Tag Archives: Anthony Papagiannis

A wrong time to die

Anthony Papagiannis Thessaloniki, Greece   Lockdown in Thessaloniki. Photo by the author. Death is the one absolute and unexceptional certainty in life. In the Bible we read that there is a time for everything, including a time to die [Ecclesiastes 3:2]. Is there ever a “right” time to die? Faced with such a question, we […]

Young, pretty, and not quite right

Anthony Papagiannis Thessaloniki, Greece   Photo by Anthony Papagiannis. Unless we are in pediatrics, we start in clinical practice with our patients tending to be in the age range of our parents, or even older. Increasingly, as the grey in our temples is promoted to silver, their mean age gets closer to ours, and the […]

Not-so-natural history

Anthony Papagiannis Thessaloniki, Greece   Photo by Anthony Papagiannis Physicians learn about chronic disease by watching its natural history and attempting to modify it with therapies. Cardiologists record episodes of ischemic disease, oncologists follow the progression of malignancies, and pulmonologists note changes in respiratory function over time. When patients are first seen, the disease is […]

Great expectations

Anthony Papagiannis Thessaloniki, Greece   Summer Calm—image by the author “Doctor, I want you to treat her as a forty-year old!” What is the appropriate answer to a demand like that from a daughter about the treatment of her eighty-eight-year-old mother? Any suggestion that her mother might not do well even with the best treatment […]

Washing our hands

Anthony Papagiannis Thessaloniki, Greece   Winter Sunshine, Halkidiki, Greece. Photo by the author Ever since Pontius Pilate, the Roman governor of Judea, washed his hands before condemning Jesus Christ to death by crucifixion, this simple act of personal sanitation has been used as the figurative icon of a disclaimer, the denial of responsibility. Today, in […]

A lesson in physiology

Anthony Papagiannis Thessaloniki, Greece   Waterfront Promenade, Thessaloniki, Greece. Photograph by the author. The contours are quite familiar, both to the eye and the touch. My hand strokes its counterpart, its twin sibling: they have been working together ever since I first saw the light of the day in this world. They have washed, clasped, […]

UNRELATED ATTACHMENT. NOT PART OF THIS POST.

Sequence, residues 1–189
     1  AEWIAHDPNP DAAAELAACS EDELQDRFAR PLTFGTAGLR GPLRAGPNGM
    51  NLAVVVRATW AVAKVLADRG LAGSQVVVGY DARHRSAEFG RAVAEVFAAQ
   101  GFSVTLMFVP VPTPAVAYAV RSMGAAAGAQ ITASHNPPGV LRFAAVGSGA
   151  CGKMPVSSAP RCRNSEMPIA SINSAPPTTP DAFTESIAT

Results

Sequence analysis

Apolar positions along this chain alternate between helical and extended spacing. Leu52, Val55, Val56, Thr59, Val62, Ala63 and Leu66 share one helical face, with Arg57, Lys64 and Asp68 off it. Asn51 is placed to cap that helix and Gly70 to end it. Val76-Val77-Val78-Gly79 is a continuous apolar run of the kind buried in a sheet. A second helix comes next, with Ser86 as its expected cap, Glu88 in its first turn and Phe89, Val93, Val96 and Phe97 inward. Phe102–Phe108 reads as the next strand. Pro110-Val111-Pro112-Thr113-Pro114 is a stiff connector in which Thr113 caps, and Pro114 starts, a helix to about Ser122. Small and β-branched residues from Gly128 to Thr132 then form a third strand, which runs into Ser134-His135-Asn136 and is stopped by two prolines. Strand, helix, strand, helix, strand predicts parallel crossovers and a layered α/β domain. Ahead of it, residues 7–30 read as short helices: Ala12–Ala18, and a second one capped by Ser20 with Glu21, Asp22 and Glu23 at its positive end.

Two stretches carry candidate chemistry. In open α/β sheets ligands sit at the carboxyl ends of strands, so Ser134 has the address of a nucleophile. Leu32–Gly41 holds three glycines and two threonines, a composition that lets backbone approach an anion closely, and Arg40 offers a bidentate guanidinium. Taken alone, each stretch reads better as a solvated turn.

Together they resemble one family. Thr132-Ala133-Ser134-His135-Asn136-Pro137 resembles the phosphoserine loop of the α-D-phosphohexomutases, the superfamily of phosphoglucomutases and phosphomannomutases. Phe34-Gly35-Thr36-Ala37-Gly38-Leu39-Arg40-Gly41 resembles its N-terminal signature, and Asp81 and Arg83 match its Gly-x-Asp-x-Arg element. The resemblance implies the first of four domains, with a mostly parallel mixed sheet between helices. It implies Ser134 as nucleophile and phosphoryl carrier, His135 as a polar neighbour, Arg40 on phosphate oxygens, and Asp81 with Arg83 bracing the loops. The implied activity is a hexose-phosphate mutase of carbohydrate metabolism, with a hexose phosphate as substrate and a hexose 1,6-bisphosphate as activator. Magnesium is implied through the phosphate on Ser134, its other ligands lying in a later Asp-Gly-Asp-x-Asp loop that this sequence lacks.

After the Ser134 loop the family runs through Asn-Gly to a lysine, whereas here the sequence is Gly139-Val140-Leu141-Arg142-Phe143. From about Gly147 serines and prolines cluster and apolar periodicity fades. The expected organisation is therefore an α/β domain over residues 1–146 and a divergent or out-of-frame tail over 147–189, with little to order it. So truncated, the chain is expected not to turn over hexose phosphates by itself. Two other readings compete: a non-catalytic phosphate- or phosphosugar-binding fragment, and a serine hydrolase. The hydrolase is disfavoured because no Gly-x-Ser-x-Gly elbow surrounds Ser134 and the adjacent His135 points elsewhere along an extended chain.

Brief encounters

Anthony Papagiannis Thessaloniki, Greece   Quicksilver in blue. Photo by Anthony Papagiannis. Doctor-patient relationships are as unique as the potential pairs of doctors and patients. At one end of the spectrum there is the one-time encounter, usually for some straightforward and self-limiting problem: the doctor may never see the patient again. At the other extreme, […]

Preparing for the unexpected

Anthony Papagiannis Thessaloniki, Greece   Sunset in Halkidiki, Greece, Fall 2019. Photo by Anthony Papagiannis. Working in specialist medical practice one is familiar with the spectrum of clinical problems likely to appear in one’s regular professional menu. However, it is common knowledge that unexpected situations do occur: the human body and being is complex and […]

Life is short and Art is long: reflections on the first Hippocratic aphorism

Anthony Papagiannis Thessaloniki, Greece   The ruins of the Asclepeion in the Greek island of Kos, the birthplace of Hippocrates. Photo courtesy of author. Some five centuries before Christ, the ancient father of medicine Hippocrates used to instruct his students that “Life is short and Art is long; opportunity fleeting, experiment treacherous, judgment difficult.” (Ο […]

Dialogues of comfort

Anthony Papagiannis Thessaloniki, Greece   Roman copy of a bust of Homer, 2nd century AD, British Museum, London. My patient is a veteran physician, quite advanced in years but mentally lucid and fully aware of his condition. His disease is incurable, and he is in need of a chest aspiration for symptomatic relief of his breathlessness. […]